Artists reimagine Calvary Chapel

Artists will refurbish Calvary Chapel with new art installments by summer 2018.

Isabelle Thompson, Freelancer Writer

Artists Peter Brandes and Maja Lisa Engelhardt continue to work hard to enrich Calvary Chapel by making artistic renovations, which they expect to complete by summer 2018.


Due to the enthusiasm of donors and a special interest taken by leaders like former visionary-in-residence Roberta Ahmanson, director of administration in the office of the president Brian Shook and Paula Corey, administration has raised $1.3 million through private donations, though the ultimate goal of $1.9 million remains unreached.

Brandes and Engelhardt revealed a glimpse of their vision during an event on Nov. 17. The Danish artists have been working to produce a final product, which will display religiously inspired scenes from the Old and New Testament in the medium of stained glass. They plan to have 32 hand-blown glass panels which will bring in natural light during the day, while an original invention created by Brandes will light them up at night.

“I love stained glass windows because the stained glass window is some kind of veil between outside and inside, and when light goes through that veil, something happens, something appears like a kind of mirror reflection,” Brandes said.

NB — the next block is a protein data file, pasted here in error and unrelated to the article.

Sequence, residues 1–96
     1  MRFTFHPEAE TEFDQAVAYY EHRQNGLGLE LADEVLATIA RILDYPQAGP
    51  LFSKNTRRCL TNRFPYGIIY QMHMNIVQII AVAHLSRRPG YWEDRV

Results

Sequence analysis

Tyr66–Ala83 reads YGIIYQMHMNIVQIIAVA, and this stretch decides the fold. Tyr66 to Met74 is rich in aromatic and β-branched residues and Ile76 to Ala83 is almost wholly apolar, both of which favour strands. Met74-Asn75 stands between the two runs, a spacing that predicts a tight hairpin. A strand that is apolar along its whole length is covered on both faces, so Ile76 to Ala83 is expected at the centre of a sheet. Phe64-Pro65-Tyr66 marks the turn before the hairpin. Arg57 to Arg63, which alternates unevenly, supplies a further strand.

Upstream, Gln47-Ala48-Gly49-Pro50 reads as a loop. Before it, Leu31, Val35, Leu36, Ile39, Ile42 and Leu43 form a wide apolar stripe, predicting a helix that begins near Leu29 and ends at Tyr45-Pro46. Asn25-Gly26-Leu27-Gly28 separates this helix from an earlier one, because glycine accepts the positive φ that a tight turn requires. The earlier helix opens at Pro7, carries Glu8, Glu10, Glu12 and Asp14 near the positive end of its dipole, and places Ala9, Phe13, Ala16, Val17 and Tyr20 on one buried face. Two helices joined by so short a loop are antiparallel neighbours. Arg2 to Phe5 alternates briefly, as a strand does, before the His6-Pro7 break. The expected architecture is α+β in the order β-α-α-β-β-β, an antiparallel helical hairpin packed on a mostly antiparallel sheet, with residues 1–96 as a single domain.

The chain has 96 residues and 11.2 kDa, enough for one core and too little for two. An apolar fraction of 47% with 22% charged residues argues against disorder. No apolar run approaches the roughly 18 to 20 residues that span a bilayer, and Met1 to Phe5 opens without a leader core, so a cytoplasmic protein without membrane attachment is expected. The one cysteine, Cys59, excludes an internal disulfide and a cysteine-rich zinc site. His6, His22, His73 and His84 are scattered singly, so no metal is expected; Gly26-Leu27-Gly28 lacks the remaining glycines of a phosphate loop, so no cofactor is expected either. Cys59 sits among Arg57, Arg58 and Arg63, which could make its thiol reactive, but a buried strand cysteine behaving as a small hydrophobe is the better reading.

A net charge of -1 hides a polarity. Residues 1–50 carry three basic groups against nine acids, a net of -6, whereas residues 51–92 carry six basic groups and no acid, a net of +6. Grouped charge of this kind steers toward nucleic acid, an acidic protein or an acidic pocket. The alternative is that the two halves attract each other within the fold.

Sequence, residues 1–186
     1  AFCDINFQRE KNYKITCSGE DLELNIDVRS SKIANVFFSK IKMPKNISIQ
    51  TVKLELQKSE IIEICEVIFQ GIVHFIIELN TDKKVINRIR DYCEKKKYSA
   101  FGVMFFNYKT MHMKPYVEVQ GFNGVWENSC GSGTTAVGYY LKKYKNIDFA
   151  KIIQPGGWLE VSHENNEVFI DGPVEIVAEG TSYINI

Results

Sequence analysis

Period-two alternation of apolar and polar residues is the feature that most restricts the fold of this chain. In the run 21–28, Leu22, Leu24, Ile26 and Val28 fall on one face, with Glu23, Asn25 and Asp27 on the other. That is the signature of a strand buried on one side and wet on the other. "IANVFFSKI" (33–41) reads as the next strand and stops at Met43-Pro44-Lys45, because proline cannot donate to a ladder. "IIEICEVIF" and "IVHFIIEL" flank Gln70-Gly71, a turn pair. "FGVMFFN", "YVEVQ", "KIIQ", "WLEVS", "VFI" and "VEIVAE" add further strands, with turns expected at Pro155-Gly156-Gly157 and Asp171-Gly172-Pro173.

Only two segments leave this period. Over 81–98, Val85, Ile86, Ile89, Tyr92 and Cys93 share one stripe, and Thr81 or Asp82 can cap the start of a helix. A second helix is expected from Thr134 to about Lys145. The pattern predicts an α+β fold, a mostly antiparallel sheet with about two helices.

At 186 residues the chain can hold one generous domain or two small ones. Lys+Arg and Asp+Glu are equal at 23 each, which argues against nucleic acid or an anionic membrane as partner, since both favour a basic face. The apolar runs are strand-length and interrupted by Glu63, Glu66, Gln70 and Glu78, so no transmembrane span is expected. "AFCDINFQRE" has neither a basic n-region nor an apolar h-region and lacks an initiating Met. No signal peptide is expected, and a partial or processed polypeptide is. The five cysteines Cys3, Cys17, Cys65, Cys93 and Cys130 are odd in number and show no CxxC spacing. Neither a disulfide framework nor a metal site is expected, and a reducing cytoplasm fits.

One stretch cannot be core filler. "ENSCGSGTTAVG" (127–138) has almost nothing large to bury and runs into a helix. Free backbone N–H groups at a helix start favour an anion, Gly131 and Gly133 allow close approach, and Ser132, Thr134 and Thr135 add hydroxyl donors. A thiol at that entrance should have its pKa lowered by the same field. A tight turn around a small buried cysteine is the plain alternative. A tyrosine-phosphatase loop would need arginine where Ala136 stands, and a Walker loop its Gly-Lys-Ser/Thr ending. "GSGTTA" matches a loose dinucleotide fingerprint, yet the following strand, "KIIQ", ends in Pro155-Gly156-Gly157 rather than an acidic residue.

While the sturdy structure of the chapel will remain virtually unchanged, the artists will drastically alter the interior.

“This is a privilege… we have a wonderful space, but we try to add something to it,” Brandes said.

Englehard has been working on the renovations for the back wall of the chapel. The enormous wall will consist of 500 tons of textured clay, painted with silicone, casted in plaster and gilded with 24-carat gold. The light from the windows and the reflective qualities of the wall will have the effect of illuminating the entire space with brilliant light, which Brandes describes as looking into infinity.

“I think how the art that is expressed in church really sets the tone. It’s important in the way that it makes you feel,” said Brianna Gackstetter, sophomore business major.

For some, art has the ability to express things that words never could.

“To go into a sacred space, you need the visual communication, which is one of God’s two languages… God speaks in images as well as in words,” Ahmanson said.


The artists hope the chapel might increase visual literacy of the gospel and bring the surrounding community together, according to the artists. They further assert that in a society that puts so much value on visual communication, art in places of worship has become even more important.

“Over the years, Biola has had more and more of an emphasis on public art and making beautiful spaces so continues that trend in a great way,” said Matthew Weathers, attendee of the event and applied instructional technology administrator.

In a community like Biola, where visual communication does not particularly have a deep history, it remains encouraging to see art beginning to transform the campus, according to Ahmanson.

“I think there is a hunger and a thirst for that communication and I hope that the chapel can begin to fill that thirst in the students, faculty, parents, friends and neighbors of Biola,” Ahmanson said.

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